Ageing and amyloid-beta peptide deposition contribute to an impaired brain tissue plasminogen activator activity by different mechanisms.

Le 02 Nov 2021

Auteur : Cacquevel M, Launay S, Castel H, Benchenane K, Chéenne S, Buée L, Moons L, Delacourte A, Carmeliet P, Vivien D

Année : 2007

Journal : Neurobiol Dis 0969-9961

PubMed Id : 17566751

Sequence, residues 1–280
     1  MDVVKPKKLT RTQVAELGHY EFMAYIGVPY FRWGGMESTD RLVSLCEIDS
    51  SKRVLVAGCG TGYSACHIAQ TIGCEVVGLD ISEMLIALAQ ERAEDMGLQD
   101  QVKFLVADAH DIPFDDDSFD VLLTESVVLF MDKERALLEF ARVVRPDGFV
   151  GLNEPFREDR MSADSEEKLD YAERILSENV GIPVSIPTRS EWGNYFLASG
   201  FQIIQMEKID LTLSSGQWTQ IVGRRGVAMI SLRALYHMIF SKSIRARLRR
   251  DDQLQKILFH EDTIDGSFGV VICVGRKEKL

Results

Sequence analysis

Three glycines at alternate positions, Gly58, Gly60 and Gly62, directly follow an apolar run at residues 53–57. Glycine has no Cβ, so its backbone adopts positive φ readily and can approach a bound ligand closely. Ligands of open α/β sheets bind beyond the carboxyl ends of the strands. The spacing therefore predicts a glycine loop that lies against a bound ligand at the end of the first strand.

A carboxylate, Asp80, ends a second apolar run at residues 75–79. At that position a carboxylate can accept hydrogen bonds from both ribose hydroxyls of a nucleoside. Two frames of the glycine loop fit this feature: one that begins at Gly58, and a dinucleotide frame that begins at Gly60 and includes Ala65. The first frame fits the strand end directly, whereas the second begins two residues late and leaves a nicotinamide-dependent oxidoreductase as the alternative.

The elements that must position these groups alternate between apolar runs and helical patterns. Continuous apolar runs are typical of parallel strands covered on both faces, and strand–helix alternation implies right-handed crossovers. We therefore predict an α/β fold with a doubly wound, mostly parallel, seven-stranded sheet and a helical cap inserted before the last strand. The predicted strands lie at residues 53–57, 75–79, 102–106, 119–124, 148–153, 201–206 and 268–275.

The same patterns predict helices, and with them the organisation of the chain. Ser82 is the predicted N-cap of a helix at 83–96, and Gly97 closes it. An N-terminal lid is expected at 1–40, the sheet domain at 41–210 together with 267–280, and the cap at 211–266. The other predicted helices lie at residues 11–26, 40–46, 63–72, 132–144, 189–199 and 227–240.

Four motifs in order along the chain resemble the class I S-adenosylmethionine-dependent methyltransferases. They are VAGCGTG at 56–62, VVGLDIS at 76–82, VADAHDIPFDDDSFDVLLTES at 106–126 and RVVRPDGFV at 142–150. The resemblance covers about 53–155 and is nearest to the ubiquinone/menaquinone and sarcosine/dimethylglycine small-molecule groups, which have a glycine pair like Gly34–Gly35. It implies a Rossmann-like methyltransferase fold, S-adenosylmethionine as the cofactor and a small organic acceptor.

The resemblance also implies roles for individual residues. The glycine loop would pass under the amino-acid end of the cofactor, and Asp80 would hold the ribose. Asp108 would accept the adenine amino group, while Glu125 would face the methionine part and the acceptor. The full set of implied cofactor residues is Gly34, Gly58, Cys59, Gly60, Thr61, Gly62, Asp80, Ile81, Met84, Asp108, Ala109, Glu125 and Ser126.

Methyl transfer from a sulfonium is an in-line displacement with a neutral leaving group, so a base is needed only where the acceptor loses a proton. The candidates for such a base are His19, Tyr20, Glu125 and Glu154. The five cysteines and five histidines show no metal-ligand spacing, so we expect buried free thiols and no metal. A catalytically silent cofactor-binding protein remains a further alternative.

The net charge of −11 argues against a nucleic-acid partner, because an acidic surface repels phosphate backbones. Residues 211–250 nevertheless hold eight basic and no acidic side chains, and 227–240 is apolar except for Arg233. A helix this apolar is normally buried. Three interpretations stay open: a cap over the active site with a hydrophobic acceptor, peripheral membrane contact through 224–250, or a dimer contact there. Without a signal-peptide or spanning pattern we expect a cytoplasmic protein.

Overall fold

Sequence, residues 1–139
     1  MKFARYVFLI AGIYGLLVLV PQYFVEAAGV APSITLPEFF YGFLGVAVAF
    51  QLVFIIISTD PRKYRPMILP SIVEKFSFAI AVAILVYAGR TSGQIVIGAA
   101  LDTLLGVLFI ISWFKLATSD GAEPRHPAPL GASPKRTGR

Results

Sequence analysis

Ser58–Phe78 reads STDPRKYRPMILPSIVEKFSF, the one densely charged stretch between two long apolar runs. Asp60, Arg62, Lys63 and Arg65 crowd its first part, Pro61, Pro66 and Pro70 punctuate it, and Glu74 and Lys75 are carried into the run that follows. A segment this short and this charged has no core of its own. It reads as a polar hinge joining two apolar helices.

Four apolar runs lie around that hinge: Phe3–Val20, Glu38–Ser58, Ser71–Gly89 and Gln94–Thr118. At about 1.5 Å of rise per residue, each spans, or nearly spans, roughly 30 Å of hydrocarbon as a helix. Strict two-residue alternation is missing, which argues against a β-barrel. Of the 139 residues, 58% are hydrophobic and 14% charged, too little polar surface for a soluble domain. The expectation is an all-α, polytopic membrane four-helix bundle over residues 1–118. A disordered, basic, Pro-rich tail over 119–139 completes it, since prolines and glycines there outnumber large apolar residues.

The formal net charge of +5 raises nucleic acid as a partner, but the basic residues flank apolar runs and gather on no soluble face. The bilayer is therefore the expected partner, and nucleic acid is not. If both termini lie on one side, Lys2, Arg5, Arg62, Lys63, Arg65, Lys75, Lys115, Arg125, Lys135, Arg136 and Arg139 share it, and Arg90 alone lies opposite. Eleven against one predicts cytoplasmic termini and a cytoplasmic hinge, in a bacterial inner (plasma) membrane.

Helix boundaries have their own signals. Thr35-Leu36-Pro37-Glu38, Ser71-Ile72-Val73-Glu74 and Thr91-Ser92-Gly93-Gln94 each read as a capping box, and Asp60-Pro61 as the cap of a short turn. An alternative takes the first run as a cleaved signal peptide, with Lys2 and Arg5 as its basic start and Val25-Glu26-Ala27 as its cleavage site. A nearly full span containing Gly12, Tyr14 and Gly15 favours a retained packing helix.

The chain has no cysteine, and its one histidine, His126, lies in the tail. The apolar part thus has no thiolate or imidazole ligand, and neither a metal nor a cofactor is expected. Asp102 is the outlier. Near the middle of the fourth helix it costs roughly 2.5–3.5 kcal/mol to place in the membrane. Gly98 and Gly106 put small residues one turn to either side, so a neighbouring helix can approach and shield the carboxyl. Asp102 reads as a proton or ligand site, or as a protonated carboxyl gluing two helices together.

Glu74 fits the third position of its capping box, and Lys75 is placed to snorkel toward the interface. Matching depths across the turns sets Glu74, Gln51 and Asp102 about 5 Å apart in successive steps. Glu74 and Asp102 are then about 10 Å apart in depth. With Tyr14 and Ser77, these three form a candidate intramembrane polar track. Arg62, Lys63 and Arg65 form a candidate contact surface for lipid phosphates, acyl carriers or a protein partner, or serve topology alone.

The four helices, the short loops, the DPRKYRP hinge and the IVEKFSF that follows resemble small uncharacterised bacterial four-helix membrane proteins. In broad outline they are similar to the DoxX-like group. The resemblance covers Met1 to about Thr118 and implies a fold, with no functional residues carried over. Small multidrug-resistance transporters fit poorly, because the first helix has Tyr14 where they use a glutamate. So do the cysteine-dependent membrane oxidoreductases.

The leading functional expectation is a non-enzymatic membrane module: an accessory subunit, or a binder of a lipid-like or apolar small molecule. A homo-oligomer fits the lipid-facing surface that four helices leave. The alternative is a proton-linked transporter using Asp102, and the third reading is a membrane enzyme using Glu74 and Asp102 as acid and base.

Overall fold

Alzheimer’s disease (AD) is the most common form of neurodegenerative disorder in the ageing population. It is characterized by the cerebral accumulation of toxic amyloid-beta peptide assemblies (Abeta). The serine protease plasmin, which is generated from the inactive zymogen plasminogen through its proteolytic cleavage by tissue- (tPA) or urokinase-type plasminogen activator, has been implicated in the catabolism of Abeta peptides. In this report, we studied the regulation of tPA activity in vivo during ageing in normal mice and in a mouse model of AD characterized by an exacerbated endogenous Abeta accumulation. We observed that cerebral tPA activity was decreased during ageing in normal mice and that this effect was worsened in mice overproducing Abeta peptides. These phenomena result, respectively, from a decrease in tPA expression and from an increase in the production of one of the tPA inhibitors, the plasminogen activator inhibitor type 1 (PAI-1). A similar study in sporadic AD and age-matched control brain tissues revealed that the tPA proteolytic activity was negatively correlated to Abeta peptides levels supporting the data observed in mice. Altogether, our data support a model in which amyloid deposition induces a decrease in tPA activity through the overproduction of PAI-1 by activated glial cells.